He placed a hand over his heart in supplication. “I would be grateful for your company. I haven’t had a companion at a meal since I left Marlborough a week ago. Have pity on me, Miss Glendinning.” He looked sincere, although she knew his exaggerated request for pity was said in jest.
All the reasons she should not sit down to tea with a virtual stranger fled her mind. “I would be delighted.”
He escorted her through a garden to the hotel’s wall-papered coffee room. Edith allowed him to seat her in a quiet corner beyond the busy room full of customers. “Here we will be able to talk unconcerned about making ourselves heard over them,” Dysart said with a nod toward the crowd.
“What brings you to Rockhampton?” Edith asked once their order for tea and cake had been given.
“I’m on my way back to England—for the first time since I arrived here in 1858.”
Leaving! Edith smoothed the frown of disappointment from her face and schooled herself to take an interest in his travels. “You haven’t been home in fifteen years? Why?”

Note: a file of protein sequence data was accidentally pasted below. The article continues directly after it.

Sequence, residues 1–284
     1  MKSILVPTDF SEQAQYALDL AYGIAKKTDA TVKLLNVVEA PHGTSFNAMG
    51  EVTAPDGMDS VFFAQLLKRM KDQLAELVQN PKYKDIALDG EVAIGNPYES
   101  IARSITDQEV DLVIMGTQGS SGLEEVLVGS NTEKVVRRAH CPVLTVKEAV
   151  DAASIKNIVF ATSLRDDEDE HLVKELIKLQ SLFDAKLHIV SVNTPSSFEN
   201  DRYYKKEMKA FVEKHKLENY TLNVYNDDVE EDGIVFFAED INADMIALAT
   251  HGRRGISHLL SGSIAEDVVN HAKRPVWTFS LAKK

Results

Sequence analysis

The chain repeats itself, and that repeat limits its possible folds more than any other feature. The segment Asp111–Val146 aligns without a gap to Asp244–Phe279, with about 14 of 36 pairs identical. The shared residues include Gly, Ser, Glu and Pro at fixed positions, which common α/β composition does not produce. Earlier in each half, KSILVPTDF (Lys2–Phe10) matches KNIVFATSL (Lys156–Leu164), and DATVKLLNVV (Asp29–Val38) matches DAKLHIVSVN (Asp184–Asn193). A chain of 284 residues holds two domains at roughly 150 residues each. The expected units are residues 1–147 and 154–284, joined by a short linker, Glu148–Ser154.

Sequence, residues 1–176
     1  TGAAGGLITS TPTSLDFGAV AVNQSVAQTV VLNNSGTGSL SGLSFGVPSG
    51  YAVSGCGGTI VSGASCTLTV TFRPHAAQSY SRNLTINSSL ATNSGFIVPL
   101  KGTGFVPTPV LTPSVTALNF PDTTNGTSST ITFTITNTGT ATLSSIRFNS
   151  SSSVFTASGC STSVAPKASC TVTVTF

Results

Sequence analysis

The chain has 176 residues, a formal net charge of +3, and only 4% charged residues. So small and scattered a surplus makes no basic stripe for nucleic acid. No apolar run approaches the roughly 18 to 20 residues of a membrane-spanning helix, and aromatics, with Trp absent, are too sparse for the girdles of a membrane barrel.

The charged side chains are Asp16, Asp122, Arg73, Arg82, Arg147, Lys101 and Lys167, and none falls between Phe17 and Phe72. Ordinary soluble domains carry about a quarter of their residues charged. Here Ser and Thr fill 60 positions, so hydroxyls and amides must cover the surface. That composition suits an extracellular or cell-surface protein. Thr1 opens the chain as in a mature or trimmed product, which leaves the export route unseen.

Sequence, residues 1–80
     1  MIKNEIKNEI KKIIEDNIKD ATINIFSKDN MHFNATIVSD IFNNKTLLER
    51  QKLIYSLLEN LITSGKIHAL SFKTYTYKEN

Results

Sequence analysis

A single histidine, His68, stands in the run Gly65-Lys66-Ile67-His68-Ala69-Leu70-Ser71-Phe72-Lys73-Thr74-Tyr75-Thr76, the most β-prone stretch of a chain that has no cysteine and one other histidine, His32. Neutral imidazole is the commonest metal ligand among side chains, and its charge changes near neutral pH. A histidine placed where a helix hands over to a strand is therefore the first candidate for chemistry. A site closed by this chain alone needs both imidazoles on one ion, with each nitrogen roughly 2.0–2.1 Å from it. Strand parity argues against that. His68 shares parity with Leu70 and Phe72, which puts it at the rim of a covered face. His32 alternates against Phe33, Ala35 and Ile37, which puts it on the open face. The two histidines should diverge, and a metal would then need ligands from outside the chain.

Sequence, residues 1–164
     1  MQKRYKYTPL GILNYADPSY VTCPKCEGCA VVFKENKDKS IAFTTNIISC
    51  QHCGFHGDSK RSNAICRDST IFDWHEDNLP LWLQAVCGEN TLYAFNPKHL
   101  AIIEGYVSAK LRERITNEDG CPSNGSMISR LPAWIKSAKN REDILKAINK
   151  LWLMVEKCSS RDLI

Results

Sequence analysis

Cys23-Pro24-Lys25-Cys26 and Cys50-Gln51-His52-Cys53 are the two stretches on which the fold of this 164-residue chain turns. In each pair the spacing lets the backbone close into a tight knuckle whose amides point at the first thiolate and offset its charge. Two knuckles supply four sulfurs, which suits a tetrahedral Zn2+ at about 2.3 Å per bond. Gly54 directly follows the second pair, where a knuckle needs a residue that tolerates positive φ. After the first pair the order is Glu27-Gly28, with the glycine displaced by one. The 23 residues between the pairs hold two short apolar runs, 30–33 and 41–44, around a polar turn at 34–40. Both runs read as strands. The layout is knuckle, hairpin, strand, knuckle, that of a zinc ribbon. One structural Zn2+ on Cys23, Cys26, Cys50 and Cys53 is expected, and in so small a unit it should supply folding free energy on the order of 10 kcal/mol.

“It has taken me that long to be in a position whereby I can leave my property in my overseer’s care and afford to travel home.”
“So long?” Beneath the table, she curled her fingers into the material of her skirt. Her hopes of visiting England again in five years with their fortune made and Harry cured of his addiction, collapsed. At least their father would be with them within the year, but her younger sister wouldn’t leave England now she had married and started a family. A wave of envy and longing engulfed her. Edith missed Sophie and her young nieces. It would be a long time before she met them again. Perhaps never. She stifled that sad thought.
“It takes quite some time to establish oneself here, even with capital to invest. This is a raw and challenging country. Overcoming those things is a constant struggle.”
Edith must have looked stricken, because he reached across the table to pat her gloved hand sympathetically. “I didn’t mean to frighten or upset you, Miss Glendinning. It is a challenge that has many rewarding aspects, not least the rugged beauty of the country, and the sense of achievement that comes with success.” He sounded triumphant, as though he had won against huge odds after many years dedicated to his goal.